There is nothing pleasant about a huge road full of cars. No one finds such a place enjoyable except, perhaps, someone in love with traffic or weaving in and out of traffic or some traffic engineers (but even most of them probably don’t love it). Have you ever stood on the side of a very busy street with no proper pedestrian amenities? Have you ever walked a decent distance along such a street? Not fun, not enjoyable. But this is what we’ve let take over our cities, increasingly take over our local communities and environments.
Los Angeles, a place known for its super fantastic traffic and auto-oriented design is taking some steps to try to return transportation balance and pleasure to its citizens and visitors. One such change is an awesome new pedestrian street and plaza where an automobile street used to be. Nate Berg of the Atlantic Cities has more:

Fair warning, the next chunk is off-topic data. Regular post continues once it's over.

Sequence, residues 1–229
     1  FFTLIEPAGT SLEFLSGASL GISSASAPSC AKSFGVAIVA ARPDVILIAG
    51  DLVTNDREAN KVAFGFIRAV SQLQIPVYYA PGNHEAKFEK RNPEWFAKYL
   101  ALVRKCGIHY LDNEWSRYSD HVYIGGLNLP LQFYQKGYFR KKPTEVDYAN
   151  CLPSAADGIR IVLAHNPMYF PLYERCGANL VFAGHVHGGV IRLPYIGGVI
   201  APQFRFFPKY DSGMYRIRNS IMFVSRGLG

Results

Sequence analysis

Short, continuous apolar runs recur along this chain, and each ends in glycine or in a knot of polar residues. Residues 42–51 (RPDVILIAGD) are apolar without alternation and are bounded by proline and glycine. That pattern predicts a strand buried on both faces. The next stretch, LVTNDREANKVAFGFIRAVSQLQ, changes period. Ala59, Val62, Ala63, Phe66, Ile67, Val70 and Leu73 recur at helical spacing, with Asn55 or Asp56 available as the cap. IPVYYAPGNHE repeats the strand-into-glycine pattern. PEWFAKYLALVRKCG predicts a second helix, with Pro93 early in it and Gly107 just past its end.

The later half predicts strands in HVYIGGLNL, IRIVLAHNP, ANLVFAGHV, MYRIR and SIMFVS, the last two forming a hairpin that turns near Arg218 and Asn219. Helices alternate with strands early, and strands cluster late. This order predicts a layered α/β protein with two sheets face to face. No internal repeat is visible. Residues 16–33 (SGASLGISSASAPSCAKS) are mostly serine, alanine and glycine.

On a short strip of street bordering a small triangular park within a vibrant commercial area, officials from the city’s departments of planning, transportation, and public works partnered with the county’s public health department to close the street off to car traffic and convert it into an outdoor plaza. On 11,000 square-feet, the roadway has been effectively removed form the automobile grid with the simple application of paint (in glowing neon green polka-dots), bike racks and planters around the edges and seating in the middle. The project was inspired by similar street plazas created in New York City and San Francisco.
“In L.A., 60 percent of our land area is devoted to streets and parking lots. So the real hope here is that we can take that and transform it into something really different than just spaces for cars,” says Bill Roschen, president of the city’s planning commission.
Roschen helped spearhead the street-to-plaza project, part of an effort called Streets for People. His intention is to spread projects like this one throughout the city.
The new pedestrian street/plaza just opened this month. For much more from Nate, check out his piece: ‘Los Angeles Seeks Pedestrians‘.
All Images by Nate Berg